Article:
A Belfast sex shop is set to square up against the city council in court again next month.
For the long running legal bust up between Smithfield adult entertainment outlet Miss Behavin' and Belfast City Council is set for its latest chapter at the Magistrates' Court next month.
Last week, the sex shop licence saga, which has been running since May 2002, was adjourned until September 4. The reason given in court was that the defence was "not ready to proceed" with the case to face a charge of using premises as a
sex establishment without a licence.
Last month, Sunday Life revealed that the owner of the Gresham Street outlet is investigating the possibility of taking the case to the European Court of Human Rights in Strasbourg.
It is believed that they have until October 25, 2007 to lodge an application with the European Court.
Bankers and accountants are now required by law to report suspicions of any financial wrong doings. The term 'money laundering' is used as it sounds more acceptable to 'report money laundering' than it is to snitch over petty crimes
such as fiddling expenses.
Two bankers who failed to disclose suspicions that they were dealing with a brothel have avoided a jail sentence. The two, both senior staff with Lloyds TSB, have lost their jobs the court was told.
Judge Andrew Blake said they had committed "a sin of omission" by failing to notify the authorities that criminal money was possibly being laundered.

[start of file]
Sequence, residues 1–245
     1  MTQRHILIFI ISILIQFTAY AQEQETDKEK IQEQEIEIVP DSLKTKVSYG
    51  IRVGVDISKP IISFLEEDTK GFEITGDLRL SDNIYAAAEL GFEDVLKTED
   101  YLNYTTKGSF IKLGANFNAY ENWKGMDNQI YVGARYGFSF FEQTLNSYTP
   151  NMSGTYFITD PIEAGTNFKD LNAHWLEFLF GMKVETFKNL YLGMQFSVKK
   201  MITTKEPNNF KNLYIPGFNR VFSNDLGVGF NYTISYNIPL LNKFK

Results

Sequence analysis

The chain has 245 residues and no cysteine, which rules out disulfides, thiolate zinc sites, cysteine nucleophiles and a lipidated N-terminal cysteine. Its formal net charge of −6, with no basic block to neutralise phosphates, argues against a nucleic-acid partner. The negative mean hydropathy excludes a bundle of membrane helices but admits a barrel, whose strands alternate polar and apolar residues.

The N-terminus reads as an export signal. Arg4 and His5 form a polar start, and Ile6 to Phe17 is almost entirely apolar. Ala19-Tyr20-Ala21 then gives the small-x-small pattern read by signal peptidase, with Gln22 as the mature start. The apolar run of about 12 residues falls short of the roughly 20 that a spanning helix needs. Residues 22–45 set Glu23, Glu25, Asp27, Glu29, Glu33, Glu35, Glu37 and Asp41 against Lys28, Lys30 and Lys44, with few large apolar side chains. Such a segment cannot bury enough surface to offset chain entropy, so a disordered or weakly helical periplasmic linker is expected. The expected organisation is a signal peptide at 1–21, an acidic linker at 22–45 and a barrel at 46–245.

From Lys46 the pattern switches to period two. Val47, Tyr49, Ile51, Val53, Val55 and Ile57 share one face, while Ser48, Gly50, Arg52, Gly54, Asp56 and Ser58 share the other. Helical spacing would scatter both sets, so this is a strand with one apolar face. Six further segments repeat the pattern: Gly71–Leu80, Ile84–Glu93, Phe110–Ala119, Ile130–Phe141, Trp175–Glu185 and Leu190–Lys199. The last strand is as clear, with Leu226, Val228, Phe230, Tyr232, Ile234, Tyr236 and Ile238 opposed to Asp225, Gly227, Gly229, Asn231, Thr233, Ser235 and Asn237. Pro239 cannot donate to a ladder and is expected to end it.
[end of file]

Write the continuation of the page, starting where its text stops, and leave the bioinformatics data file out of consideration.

Mr McCready pleaded guilty to one charge of failing to report his suspicions, and Mr Fox denied the charge, but was convicted following trial.
Preston Crown Court heard that they were in senior managerial positions at the bank used by a Preston massage parlour called the Brazilia Health Studio which was linked to prostitution.
The bank had a system for notifying suspicions, said the prosecution, but the two men had failed to do so.
James Hawks, for Fox, said he had made a negligent mistake, an error of judgement. Irrespective of whatever sentence was passed, he had already been punished and humiliated: To an extent he has been punished enough.
Richard Haworth, for McCready, described him as a trusted, reliable, respected and hard-working man. Haworth said a report of him having sexual association with witnesses in the case was utterly rejected and that his client was broken and ashamed by
his appearance in court.
Fox was fined £1,500 and McCready was fined £1,250.
A strange case as no R18s were involved. So York council seem to object to what is legal to sell without a licence but somehow argue that 'too much' leads to a very large fine. Ann Summers trades around the country with large percentages of erotica
and no licences.
A business man says he will go bankrupt after magistrates handed him a £15,000 court bill for running a sex shop without a licence.
Andrew Clark sold adult and sex items for years at XES, in Goodramgate, York, despite warnings from council officers that he needed a licence, York Magistrates were told.
Matt Boxall, of City of York Council, said that when the authority raided the shop last October, they found shelves loaded with erotic and sexual items.
The court heard the shop was still stocking adult items this week, though not in the same quantities.